• Only the most critical aspects of jobs and methods are specified vs. jobs and methods are specified to the greatest extent possible
  • Jobs require a variety of skills and knowledge and training and development are lifelong vs. jobs are narrowly defined and training periods are short to enable quick placement

Observations about how people interact with one another – open vs. closed:

  • People work in groups to assure interaction and problem solving vs. people work mostly by themselves to minimize distraction
  • People stress the importance of work-life balance vs. people believe that working hard and going “above and beyond” is important
  • Emphasis is on self-organizing teams vs. emphasis is on leadership
  • Managers stress self-motivation and self-responsibility vs. managers stress clear goal-setting and control
  • Diversity in race, world view and gender tends to be higher than the industry norm vs. diversity in race, world view and gender tends to be lower than industry norm

Observations about how the organization focuses on what is important – open vs. closed

  • Mistakes are controlled as near as possible to the point of origin vs. mistakes are controlled by specialized functions if they cannot be eliminated
  • Information goes directly to the point where action can be taken vs. information flows up the management hierarchy for decision-making
  • Daily behavior is primarily motivated by high-level vision and strategy vs. daily behavior is primarily driven by policy and procedure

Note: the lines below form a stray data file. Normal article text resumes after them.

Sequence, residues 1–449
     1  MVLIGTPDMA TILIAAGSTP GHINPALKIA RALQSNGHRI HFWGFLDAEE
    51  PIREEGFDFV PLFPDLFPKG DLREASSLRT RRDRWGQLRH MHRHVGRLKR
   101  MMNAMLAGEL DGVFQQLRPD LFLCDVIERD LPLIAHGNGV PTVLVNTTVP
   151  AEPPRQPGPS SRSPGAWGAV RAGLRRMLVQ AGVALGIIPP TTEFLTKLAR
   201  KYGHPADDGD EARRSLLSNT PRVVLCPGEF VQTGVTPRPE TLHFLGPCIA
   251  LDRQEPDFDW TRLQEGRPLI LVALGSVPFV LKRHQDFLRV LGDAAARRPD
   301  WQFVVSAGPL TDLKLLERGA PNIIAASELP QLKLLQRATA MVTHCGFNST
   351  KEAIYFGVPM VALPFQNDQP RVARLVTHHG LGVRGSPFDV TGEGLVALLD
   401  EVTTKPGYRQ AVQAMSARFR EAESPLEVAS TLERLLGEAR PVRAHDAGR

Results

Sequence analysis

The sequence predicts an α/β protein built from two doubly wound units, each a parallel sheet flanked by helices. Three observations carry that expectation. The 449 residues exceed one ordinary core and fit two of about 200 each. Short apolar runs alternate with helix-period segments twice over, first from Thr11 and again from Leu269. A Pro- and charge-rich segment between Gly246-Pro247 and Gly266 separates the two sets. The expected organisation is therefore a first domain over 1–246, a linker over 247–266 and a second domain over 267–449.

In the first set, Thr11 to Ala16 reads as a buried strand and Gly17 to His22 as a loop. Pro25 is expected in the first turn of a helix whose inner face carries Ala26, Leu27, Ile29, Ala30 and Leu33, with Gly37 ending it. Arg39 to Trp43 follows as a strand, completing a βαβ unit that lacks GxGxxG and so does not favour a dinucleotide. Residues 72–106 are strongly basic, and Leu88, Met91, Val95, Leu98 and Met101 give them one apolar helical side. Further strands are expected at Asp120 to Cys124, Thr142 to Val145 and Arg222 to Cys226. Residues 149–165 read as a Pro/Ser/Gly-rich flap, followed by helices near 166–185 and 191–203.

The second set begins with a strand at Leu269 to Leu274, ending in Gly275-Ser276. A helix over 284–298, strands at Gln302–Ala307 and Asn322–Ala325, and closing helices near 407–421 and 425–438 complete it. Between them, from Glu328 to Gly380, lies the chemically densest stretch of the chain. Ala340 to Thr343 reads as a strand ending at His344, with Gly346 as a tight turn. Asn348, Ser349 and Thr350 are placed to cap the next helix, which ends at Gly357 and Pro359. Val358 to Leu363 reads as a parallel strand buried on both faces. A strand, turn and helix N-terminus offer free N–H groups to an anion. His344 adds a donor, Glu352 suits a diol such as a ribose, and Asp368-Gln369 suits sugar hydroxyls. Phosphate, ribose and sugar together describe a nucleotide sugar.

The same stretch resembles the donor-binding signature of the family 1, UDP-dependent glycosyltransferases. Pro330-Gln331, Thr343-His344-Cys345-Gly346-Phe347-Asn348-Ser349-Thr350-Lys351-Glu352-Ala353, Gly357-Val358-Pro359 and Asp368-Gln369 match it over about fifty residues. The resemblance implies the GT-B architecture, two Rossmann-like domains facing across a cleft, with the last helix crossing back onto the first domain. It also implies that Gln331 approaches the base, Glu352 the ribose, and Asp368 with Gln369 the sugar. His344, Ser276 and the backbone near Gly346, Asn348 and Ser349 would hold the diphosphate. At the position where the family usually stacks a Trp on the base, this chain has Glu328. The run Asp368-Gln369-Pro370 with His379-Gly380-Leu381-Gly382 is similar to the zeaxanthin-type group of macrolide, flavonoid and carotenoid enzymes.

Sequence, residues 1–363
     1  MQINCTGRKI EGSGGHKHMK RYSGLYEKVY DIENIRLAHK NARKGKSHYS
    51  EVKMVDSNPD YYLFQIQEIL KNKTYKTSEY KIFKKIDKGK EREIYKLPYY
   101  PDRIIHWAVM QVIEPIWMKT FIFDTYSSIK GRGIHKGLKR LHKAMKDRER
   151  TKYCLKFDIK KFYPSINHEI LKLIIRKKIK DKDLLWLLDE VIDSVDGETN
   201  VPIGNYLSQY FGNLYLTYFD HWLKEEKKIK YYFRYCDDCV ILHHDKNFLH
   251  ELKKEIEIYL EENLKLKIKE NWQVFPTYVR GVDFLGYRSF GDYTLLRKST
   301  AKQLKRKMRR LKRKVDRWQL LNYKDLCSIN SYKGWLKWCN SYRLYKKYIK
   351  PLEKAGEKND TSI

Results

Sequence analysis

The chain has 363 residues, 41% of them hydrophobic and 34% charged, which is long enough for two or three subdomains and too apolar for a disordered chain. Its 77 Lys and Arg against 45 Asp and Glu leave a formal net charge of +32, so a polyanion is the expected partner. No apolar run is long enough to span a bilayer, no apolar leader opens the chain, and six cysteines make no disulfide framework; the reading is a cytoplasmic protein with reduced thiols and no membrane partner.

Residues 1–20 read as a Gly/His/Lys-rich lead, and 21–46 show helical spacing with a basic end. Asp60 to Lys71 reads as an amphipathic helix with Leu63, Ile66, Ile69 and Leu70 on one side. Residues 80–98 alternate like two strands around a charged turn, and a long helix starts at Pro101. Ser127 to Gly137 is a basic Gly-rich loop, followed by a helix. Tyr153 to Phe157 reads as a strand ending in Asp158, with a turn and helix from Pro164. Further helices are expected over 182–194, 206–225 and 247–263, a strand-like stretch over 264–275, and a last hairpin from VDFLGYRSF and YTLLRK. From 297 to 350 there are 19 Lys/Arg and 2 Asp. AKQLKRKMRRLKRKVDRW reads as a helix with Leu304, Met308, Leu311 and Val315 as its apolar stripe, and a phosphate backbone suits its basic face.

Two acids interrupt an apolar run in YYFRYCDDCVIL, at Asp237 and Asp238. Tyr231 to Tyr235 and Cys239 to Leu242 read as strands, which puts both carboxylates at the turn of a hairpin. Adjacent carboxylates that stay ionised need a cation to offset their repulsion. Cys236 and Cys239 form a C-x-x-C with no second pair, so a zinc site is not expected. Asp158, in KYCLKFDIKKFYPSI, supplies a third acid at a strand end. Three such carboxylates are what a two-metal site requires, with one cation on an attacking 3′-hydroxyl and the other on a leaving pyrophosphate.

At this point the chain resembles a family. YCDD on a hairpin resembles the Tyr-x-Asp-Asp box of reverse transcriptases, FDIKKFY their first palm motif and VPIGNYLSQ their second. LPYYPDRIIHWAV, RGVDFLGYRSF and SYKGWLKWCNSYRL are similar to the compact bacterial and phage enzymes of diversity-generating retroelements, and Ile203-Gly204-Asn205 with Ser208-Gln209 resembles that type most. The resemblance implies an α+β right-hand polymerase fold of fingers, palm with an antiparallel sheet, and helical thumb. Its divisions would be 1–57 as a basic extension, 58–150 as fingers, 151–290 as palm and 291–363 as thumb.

Observations about the structure of the organization – open vs. closed

  • The structure is mainly purpose and issue-based vs. the structure is fairly bureaucratic and mainly function-based
  • Decision-making is based on knowledge and expertise vs. Decision-making is based on power and status
  • Role descriptions are flexible and people self-determine their career path vs. detailed role descriptions and clear rules for promotions and advancement
  • Hierarchies tend to be flat and job-titles are fairly unimportant vs. a complex, many-tiered organization with emphasis on specific job titles

During your analysis you will rarely find a client who expresses culture in only an open or a closed way, but you will be able to see markers that give you an overall idea what you are dealing with.

Keep in mind that neither an open or a closed culture are inherently good or bad as long as they are the best fit for the function the organization or a group within the organization has to perform: if a team works regularly under hazardous conditions where strict rules and protocols need to be followed to ensure every team member’s safety it should adopt a more closed style of organization since the ad-hoc style of behavior typically associated with an open culture could endanger people’s lives.